Here’s the opening chorus of Johnny Hodges’ soulful and commanding “Sunny Side of the Street” from Duke Ellington’s 1963 The Great Paris Concert record. This song, which often leans toward sweetness and sentimentality, is anything but either of those in this recording. I also love how he really sets up space for the backbeat here – he urges it’s response… so much that if you listen closely you can hear someone in the background seemingly uncontrollably grunt and clap to fill in that beat at one point – a quality I’ve appreciated about while admiring the dancing of some of the elder Harlem swing dancers.

My dad gave me this record from his vinyl collection, so it holds an extra something for me.

You can see me playing it on my Instagram post. Transcription is below.

Johnny Hodges Sunny Side Of The Street transcription

Here’s a chorus of Velma Middleton & Louis Armstrong’s Honeysuckle Rose as played by the great Arvell Shaw in 1955. Arvell played with Louis from the late 40’s and through the 50’s – during the iconic All Star Band era, and he is a big part of that band’s powerful, buoyant drive.

What a great feel he had. No nonsense.

Also, this record, “Louis Plays Fats” is a must – if you aren’t already hip to it.

You can see me playing it on my Instagram post. Transcription is below.

Arvell Shaw's Bass in Honeysuckle Rose transcription

This is a first installment of doing a quick recap of tunes used and video clips referenced in a weekend workshop. I’ve been doing it on Facebook for a few years, but I’d rather it be here because Facebook is no good.

It’s nice to head back to DC, where I lived for 8 years and really grew as a dancer. It’s killer to get to dance at the gorgeous Glen Echo Park. Thanks to Capital City Swingout for bringing Mia Goldmsith Halloran and I out for the second year.

First, the clips, the originals that gave us this dance…

Video Clips

After Seben 1929

Chick Webb’s band plays Sweet Sue and a band of killer 1st generation Lindy Hoppers, include Shorty George Snowden, show us how they showed off at that time. Upright, two-stepping, asymmetrical, rhythmic, jagged, stylish, lovely.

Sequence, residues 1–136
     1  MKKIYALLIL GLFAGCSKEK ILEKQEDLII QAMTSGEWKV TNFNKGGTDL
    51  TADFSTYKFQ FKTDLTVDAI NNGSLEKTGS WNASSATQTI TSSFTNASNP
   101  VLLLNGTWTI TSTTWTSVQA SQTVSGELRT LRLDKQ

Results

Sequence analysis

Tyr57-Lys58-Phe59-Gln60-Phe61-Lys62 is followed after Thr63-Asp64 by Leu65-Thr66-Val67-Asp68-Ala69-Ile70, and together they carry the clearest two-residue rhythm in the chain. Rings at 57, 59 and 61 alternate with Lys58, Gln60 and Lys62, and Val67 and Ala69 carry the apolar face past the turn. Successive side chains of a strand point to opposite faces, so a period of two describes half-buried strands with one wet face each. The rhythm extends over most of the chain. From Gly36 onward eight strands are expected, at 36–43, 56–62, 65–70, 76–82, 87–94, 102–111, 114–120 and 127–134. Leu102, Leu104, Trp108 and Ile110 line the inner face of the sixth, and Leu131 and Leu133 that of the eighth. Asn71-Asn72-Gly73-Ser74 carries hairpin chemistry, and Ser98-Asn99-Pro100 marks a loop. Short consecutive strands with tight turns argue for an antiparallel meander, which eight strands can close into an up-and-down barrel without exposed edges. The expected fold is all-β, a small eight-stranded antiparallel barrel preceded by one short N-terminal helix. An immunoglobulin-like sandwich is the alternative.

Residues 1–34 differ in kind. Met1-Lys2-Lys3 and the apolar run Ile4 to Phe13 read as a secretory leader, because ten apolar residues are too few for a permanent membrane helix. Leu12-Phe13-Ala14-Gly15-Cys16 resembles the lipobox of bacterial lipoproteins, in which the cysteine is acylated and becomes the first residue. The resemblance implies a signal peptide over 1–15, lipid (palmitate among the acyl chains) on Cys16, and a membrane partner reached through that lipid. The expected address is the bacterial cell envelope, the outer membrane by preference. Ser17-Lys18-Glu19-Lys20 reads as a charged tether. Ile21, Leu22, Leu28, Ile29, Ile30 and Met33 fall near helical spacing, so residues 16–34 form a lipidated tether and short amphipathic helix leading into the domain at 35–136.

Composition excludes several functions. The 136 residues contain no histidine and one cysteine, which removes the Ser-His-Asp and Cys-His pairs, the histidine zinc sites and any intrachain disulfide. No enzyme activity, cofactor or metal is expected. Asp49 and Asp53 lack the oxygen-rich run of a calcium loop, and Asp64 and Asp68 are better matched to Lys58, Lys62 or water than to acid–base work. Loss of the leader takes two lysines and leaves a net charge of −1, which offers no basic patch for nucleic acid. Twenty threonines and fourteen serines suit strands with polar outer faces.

The name, as well as some of the imagery in the short (including the announcer, a white actor in blackface), illustrate some of the racist tropes that performers at the time had to endure while showcasing their talent – no doubt these conditions and tropes influenced the formation of these dances that we love. A product of the time which endures to this day.

Norma Miller and Frankie Manning “Swing Walk / Peabody”

While we had everyone two-stepping the ballroom, Mia mentioned the Frankie would say everyone who danced knew at least a Waltz and Foxtrot. Here’s a video of the great Norma and Frankie demonstrating the “Swing Walk”, their version of the Peabody. While not the dance we taught, it shows them stylishly demonstrating this traveling dance.

The Harlem Renaissance Documentary

I referred to this incredibly robust explosion of African American artistic, political and cultural revolution in Harlem. Lindy Hop is product of the tail end of the Harlem Renaissance. I found this documentary that you might be enlightening. The video cuts off early, but it was the best thing I found on Youtube today.

George Lloyd & Margaret Batiuchok

Here is a great clip of greatest inspirations dancing with the great Margaret Batiuchok.


Anne Johnson is in no rush to come in when she swings out with Frankie in this clip. I cued the clip to them swinging out, but, you should watch this whole thing.

Music We Used

Here’s a playlist of some of the tunes we used in class.I’m sure many are missing, but these are the ones fresh in my brain:

Here’s a link to the playlist on Apple Music:

I love this song. I’ve used it in my dance classes for years. I has the nicest feel, and of course it would… the rhythm section is Basie’s rhythm section. This solo is a masterful, bluesy lesson.

Personnel in this recording:

Charlie Christian (guitar) Freddie Green (guitar) Count Basie (piano) Buck Clayton (trumpet) Lester Young (t sax) Walter Page (bass) Jo Jones (drums)

Transcription of Buck Clayton's Solo in Charlie Christian's Ad Lib Blue

These recordings featuring Billie Holiday with Teddy Wilson’s bands are some of my favorites. This creepy song has a nice Memories of You vibe to it. It’s also exciting for me to hear the legendary Milt Hinton, Al Casey (of Fats Waller’s band) and Cozy Cole in a rhythm section together.

I couldn’t find sheet music for the tune anywhere, I approximated the melody from Billie’s vocals and the initial trumpet statement.

Personnel on this gem:

Bobby Hackett (clarinet) Trummy Young (bone) Toots Mondello, Ted Buckner (alto) Bud Freeman, Chu Berry (trumpets) Teddy Wilson (piano) Albert Casey (guitar) Milton Hinton (bass) Cozy Cole (drums) Billie Holiday (voc)